Text Version

December 18, 1997

Separate Statement of Commissioner Ness

RE: Digital Television Fees NPRM

Last year at this time, the Commission adopted the transmission standard for digital television (DTV). In keeping with our "Christmas present" approach to digital television, we today adopt a Notice of Proposed Rulemaking to implement Section 336(e) of the Telecommunications Act of 1996 ("the Act"). This section directs the Commission to establish a program to assess and collect fees from television broadcasters to compensate the American public for offering certain "ancillary and supplementary services" using digital television channel capacity.

As television broadcasters design their business plans for conversion from analog to digital, they need to know how fees will be assessed if they choose to devote the unused portion of digital capacity to pay services or to derive revenues from other-than-advertising-supported free broadcasting. The amount of such fees will have a bearing on how they use their DTV channel.

By statute -- and by our service rules -- television broadcasters are permitted to use a portion of the digital capacity for other services -- including pay services so long as these uses are consistent with the Commission's DTV transmission standard and do not derogate the primary broadcast signal. The digital standard accommodates a wide variety of uses -- e.g. delivery of data, additional video program streams, updating computer programs. Computer and television convergence is as close as our remote controls.

Even while broadcasting in high definition, a licensee will have additional capacity within the digital bitstream to provide other uses. The digital information needed to convey a video picture constantly varies from scene to scene -- fewer bits are necessary for a shot of two people talking with a static background, compared to a broadcast of a Wizards basketball game. In the overnight hours, there undoubtedly will be additional capacity available to provide viewers with a cornucopia of new services.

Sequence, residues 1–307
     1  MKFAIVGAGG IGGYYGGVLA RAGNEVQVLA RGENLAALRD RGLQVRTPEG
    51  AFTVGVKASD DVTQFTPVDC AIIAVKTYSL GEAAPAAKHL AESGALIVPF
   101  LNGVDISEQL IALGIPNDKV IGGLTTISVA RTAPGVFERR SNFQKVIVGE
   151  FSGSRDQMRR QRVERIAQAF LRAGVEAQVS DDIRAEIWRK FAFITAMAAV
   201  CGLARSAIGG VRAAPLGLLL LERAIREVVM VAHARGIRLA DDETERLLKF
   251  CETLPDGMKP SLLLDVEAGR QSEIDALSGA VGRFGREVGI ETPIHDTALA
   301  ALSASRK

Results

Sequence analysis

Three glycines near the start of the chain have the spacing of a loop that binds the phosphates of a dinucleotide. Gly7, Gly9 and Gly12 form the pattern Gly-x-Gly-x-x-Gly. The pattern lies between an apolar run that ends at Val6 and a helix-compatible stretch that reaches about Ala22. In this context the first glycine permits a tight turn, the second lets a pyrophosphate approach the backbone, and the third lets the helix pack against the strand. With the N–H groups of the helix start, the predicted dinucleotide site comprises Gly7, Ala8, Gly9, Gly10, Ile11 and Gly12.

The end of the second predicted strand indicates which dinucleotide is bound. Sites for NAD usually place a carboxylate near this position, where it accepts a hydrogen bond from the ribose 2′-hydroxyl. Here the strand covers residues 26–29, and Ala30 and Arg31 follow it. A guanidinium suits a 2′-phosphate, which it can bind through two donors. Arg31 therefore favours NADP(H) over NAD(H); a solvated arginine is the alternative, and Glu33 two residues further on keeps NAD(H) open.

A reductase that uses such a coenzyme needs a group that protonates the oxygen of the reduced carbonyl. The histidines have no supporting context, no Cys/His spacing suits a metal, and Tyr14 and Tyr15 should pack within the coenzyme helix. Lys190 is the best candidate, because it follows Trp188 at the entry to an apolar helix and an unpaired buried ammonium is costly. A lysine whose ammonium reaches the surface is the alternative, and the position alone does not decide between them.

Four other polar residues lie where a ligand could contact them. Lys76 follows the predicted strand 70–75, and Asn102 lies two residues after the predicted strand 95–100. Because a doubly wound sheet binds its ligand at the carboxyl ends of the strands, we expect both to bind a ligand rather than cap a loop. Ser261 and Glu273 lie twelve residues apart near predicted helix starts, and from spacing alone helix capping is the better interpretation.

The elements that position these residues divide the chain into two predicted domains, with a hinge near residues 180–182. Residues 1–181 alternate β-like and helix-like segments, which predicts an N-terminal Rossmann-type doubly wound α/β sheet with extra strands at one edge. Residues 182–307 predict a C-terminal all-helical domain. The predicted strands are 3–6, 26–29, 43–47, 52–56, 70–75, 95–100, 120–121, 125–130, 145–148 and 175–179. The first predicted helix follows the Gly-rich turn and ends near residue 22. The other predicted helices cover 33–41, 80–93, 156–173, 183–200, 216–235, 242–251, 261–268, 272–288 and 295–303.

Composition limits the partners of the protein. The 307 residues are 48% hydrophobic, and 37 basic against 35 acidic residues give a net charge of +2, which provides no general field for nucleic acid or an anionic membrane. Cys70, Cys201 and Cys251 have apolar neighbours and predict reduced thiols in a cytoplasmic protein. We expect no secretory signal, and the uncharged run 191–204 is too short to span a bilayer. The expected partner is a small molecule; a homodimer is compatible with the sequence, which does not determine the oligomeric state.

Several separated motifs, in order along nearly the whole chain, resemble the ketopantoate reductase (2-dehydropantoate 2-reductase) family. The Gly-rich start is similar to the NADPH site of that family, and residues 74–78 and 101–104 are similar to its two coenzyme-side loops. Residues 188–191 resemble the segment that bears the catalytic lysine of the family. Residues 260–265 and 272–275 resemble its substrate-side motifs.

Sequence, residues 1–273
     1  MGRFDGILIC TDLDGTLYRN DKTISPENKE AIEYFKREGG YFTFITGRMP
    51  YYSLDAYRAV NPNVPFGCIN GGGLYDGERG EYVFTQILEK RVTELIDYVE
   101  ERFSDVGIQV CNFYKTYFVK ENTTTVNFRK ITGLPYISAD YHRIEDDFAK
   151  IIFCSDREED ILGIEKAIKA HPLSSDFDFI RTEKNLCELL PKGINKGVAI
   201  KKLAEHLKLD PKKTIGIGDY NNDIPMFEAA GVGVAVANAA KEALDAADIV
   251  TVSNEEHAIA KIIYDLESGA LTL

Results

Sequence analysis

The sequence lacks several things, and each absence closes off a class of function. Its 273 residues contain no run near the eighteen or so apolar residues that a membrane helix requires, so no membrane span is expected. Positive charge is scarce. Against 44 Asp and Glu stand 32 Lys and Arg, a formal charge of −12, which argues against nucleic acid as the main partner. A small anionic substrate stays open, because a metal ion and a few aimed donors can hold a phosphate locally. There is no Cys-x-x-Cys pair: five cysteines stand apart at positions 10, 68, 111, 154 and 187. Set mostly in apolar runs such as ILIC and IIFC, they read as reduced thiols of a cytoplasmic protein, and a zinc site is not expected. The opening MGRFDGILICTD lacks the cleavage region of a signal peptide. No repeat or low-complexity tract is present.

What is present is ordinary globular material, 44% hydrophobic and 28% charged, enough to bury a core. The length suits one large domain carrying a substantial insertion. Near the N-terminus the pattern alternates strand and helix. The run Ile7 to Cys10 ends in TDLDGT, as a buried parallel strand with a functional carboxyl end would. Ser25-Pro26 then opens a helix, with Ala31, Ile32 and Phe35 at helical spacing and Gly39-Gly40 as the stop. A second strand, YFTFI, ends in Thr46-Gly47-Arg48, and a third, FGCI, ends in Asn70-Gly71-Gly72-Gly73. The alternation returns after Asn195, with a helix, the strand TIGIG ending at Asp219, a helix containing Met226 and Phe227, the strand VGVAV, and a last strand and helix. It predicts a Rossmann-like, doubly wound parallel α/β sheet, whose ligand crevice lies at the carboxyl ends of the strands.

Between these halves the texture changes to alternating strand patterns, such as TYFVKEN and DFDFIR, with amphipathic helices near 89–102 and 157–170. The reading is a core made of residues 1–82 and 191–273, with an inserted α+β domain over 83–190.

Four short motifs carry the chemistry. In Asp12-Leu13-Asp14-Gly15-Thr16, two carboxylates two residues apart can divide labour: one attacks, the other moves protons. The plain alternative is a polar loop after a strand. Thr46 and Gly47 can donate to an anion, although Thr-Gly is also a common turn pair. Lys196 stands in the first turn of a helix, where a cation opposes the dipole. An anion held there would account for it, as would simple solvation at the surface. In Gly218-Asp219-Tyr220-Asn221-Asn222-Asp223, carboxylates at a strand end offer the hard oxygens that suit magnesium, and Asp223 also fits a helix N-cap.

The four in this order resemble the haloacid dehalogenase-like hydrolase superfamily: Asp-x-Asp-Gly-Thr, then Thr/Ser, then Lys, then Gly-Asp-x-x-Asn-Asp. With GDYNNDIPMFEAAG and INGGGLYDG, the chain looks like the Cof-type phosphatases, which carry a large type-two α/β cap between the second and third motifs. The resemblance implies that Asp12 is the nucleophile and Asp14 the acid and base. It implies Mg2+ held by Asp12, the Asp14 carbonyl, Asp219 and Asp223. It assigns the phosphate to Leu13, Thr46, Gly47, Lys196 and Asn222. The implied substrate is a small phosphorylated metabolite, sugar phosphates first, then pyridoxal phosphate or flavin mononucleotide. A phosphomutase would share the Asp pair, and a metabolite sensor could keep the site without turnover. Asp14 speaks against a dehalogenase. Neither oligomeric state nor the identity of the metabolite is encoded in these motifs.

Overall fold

Congress has also made it clear that broadcasters who wish to use a portion of the digital capacity for other revenue-enhancing services must compensate the American public for such use of that portion of the spectrum. The spectrum allocation for DTV extends the public trust that was established with broadcast licensees 70 years ago and ensures that a free, over-the-air television service will be available to all Americans in the 21st century. There are many methods for assessing such fees and our Notice today is designed to spur comment on these. Whichever method we ultimately adopt must be simple to apply and simple to enforce. Broadcasters should not need to hire a battery of economists to comply with their obligations.

As a final note, Congress has made it abundantly clear that it fully expects broadcasters to focus their digital capacity on providing their local communities with a wealth of free broadcast programming, including programming transmitted in high definition. While the opportunity to provide many new and exciting services is available through the flexibility of the digital standard, I do not anticipate broadcasters will abandon their birthright of top quality free video broadcasting.

I look forward to next Christmas season, when digital television service will be inaugurated by many committed and enthusiastic broadcasters, beginning in the top markets across this country.